Lots of people have already chimed in on the Globe’s story of Mitt Romney’s horrifying decision to strap Seamus, the family dog, to the top of the car for a long, long 12-hour drive. Potroast noted it first here; Adam Reilly’s and Ana Marie Cox’s take are also well worth reading. Cox has been merciless (rather as Romney was) — she’s posted at least three items on Time.com’s “Swampland” blog, as well as one that (I think) will appear in Time magazine rather than just on the blog. Cox also went to the trouble of digging up the MA animal cruelty statute, and requesting comment from animal rights groups. Here’s some of what she found:
Massachusetts’s animal cruelty laws specifically prohibit anyone from carrying an animal “in or upon a vehicle, or otherwise, in an unnecessarily cruel or inhuman manner or in a way and manner which might endanger the animal carried thereon.” An officer for the Massachusetts Society for the Prevention of Cruelty to Animals responded to a description of the situation saying “it’s definitely something I’d want to check out.” The officer, Nadia Branca, declined to give a definitive opinion on whether Romney broke the law but did note that it’s against state law to have a dog in an open bed of a pick-up truck, and “if the dog was being carried in a way that endangers it, that would be illegal.” And while it appears that the statute of limitations has probably passed, Stacey Wolf, attorney and legislative director for the ASPCA, said “even if it turns out to not be against the law at the time, in the district, we’d hope that people would use common sense…Any manner of transporting a dog that places the animal in serious danger is something that we’d think is inappropriate…I can’t speak to the accuracy of the case, but it raises concerns about the judgment used in this particular situation.”
Ingrid Newkirk, president of People for the Ethical Treatment of Animals, was less circumspect. PETA does not have a position on Romney’s candidacy per se, but Newkirk called the incident “a lesson in cruelty that was … wrong for [his children] to witness…Thinking of the wind, the weather, the speed, the vulnerability, the isolation on the roof, it is commonsense that any dog who’s under extreme stress might show that stress by losing control of his bowels: that alone should have been sufficient indication that the dog was, basically, being tortured.” Romney, of course, has expressed support for the use of “enhanced interrogation” techniques when it comes to terrorists; his campaign refused to comment about the treatment of his dog.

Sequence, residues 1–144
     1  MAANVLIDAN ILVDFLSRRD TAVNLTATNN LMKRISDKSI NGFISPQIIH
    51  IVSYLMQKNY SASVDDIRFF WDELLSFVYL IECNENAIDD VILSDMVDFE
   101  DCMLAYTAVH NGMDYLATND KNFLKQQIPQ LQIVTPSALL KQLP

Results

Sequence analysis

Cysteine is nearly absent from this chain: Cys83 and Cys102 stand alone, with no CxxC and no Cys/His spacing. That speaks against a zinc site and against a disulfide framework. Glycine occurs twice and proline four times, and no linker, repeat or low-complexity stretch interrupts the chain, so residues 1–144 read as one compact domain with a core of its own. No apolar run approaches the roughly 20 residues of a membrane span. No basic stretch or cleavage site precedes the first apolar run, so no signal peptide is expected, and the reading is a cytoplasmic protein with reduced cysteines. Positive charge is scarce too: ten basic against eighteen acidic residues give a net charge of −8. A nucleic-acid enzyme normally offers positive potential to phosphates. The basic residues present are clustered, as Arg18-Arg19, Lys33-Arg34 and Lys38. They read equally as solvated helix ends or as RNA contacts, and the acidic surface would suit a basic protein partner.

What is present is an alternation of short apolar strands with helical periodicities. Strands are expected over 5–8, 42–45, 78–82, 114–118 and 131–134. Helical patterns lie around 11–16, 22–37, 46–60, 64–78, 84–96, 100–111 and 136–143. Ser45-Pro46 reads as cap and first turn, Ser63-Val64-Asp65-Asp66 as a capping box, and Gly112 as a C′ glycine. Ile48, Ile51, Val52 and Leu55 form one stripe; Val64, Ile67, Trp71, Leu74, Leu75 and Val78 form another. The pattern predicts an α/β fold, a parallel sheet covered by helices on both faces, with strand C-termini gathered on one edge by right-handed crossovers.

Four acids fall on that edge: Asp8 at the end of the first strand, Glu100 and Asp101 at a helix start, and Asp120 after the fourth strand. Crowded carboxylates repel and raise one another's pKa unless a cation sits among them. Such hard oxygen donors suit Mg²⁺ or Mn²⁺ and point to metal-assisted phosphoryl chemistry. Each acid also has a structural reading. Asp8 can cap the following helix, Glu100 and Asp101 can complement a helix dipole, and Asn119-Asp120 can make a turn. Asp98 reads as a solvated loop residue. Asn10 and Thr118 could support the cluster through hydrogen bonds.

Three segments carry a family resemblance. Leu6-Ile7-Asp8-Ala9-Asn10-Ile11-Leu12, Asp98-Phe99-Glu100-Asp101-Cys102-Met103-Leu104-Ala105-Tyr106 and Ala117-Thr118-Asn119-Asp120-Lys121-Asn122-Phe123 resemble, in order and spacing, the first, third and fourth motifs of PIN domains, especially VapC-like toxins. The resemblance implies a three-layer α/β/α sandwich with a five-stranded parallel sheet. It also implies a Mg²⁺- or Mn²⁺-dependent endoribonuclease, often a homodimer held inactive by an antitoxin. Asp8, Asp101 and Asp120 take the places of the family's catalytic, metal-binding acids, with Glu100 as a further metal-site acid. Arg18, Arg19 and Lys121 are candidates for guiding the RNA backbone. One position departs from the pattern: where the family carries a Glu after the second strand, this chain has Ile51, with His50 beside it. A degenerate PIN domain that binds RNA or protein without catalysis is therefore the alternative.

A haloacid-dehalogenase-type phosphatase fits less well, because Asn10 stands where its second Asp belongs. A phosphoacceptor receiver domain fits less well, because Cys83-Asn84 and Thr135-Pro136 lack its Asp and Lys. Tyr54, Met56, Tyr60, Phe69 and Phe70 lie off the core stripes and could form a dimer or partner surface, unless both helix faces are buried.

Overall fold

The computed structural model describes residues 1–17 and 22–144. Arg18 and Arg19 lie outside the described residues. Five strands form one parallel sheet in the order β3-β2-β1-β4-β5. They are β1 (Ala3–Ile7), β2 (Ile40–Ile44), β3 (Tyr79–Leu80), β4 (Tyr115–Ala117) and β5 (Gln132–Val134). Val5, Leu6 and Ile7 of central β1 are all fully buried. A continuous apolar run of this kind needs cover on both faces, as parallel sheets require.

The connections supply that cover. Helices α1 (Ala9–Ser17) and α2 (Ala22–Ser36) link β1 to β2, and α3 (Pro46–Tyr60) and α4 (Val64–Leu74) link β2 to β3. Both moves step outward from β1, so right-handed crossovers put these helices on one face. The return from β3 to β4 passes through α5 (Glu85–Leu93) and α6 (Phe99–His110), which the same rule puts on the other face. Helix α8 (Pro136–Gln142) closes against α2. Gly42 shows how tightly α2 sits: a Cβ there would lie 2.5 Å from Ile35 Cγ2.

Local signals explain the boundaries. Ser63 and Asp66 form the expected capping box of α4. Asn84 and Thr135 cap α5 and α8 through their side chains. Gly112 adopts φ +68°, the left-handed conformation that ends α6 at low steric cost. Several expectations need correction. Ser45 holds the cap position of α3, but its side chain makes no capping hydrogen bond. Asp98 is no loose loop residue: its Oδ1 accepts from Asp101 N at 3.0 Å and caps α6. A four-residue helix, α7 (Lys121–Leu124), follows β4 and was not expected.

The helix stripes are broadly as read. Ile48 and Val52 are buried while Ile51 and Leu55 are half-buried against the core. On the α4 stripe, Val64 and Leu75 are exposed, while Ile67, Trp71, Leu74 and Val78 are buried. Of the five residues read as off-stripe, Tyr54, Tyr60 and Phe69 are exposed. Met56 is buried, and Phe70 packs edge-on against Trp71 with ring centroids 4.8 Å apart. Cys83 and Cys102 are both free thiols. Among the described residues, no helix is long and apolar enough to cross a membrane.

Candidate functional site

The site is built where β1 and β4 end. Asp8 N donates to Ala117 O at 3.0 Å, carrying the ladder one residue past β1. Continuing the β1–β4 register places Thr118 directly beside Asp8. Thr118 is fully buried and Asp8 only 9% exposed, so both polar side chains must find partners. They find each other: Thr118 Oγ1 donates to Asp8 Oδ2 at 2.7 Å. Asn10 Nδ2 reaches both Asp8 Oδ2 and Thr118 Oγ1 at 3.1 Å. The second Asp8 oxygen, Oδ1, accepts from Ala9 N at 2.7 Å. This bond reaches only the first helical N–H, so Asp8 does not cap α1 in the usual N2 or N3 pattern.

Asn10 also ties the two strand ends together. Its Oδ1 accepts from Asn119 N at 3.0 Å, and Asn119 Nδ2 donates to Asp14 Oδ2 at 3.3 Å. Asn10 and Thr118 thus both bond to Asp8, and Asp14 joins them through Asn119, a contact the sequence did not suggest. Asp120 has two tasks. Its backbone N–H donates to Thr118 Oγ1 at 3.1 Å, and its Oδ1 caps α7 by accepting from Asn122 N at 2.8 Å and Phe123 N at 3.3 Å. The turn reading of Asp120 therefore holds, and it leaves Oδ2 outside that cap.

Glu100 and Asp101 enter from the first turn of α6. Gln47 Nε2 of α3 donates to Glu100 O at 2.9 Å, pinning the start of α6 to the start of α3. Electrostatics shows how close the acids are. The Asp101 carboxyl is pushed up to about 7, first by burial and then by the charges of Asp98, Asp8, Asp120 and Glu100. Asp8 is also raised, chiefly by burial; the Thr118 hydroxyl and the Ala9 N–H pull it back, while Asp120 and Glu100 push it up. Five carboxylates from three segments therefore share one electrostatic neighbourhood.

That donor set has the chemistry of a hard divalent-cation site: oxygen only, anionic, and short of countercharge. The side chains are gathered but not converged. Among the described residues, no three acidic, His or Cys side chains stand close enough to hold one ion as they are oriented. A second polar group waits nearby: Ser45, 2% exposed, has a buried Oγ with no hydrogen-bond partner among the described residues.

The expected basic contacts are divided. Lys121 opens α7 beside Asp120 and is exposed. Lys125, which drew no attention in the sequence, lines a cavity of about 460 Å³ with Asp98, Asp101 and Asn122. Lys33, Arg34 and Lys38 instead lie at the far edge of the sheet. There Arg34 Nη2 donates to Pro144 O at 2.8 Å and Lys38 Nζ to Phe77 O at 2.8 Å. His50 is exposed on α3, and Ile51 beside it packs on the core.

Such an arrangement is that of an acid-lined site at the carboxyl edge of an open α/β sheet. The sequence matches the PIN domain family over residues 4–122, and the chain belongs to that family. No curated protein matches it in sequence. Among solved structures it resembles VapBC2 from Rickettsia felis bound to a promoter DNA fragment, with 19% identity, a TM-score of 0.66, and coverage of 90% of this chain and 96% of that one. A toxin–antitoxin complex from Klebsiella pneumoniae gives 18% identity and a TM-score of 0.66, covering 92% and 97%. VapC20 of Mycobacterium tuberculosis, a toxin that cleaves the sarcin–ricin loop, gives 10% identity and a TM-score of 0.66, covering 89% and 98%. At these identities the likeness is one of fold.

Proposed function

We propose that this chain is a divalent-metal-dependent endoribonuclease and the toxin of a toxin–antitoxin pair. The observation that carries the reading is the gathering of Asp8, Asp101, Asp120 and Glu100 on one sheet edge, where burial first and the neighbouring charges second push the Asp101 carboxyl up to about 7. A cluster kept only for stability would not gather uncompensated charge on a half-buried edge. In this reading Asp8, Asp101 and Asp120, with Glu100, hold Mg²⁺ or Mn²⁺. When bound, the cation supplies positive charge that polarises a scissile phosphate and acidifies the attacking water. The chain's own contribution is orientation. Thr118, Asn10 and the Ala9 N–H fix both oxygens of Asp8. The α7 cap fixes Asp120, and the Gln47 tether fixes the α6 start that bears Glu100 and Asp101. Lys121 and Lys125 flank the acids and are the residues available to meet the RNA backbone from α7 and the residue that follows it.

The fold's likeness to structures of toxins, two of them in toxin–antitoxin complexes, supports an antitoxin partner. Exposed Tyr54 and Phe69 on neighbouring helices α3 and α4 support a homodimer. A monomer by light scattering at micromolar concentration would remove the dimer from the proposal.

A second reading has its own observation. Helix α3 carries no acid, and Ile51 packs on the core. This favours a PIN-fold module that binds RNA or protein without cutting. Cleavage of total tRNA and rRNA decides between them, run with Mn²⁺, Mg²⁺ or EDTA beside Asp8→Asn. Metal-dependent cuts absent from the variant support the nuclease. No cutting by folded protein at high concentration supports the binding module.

Today, Scot Lehigh chimes in with some additional observations.
[W]ho, really, can blame Seamus [for crapping all over the car], riding up there alone and forgotten, eyeing each approaching overpass and anxiously wondering if Mitt had calculated the clearances correctly, while the rest of the Romneys were safely ensconced in the vehicle below, no doubt whiling away the hours with joyous renditions of “This land is your land, this land is my land”?
I’m not a dog owner, so I can’t say with certainty what the right answer would have been here, but somehow I suspect that if the question of what to do with Seamus was presented as a Harvard Business School case study, the remedy Mitt arrived at would not be widely seized upon as the most intelligent choice.
Well, I am a dog owner, and I can say with certainty that strapping your dog to the roof of the car for a 12-hour drive, windshield or no windshield, is, well, nuts. It also strikes me as classic Romney: it solves a problem efficiently, in a business-like manner, and with no regard whatsoever for the suffering that the solution may cause. Cox aptly points out in today’s Swampland entry:
Yesterday, Mitt told Pittsburgh reporters that Seamus the Setter “loved” his 12 hour open-air thrill ride on top of the family station wagon and that he “liked fresh air.” If all the Romneys express their love for fresh air the same way as Seamus, I think his administration might have a more immediate environmental pollution problem than global warming on its, uhm, hands.
Also this explains why the Gov has no problem with waterboarding, no matter if the detainees react in a similar Seamus-ian way. It’s like a refreshing swim!
Romney’s utter obliviousness to the suffering of his dog and his corresponding enthusiasm for torturing detainees are indeed unsettling. As someone who knows Romney well once said to me, “ice runs in those veins.”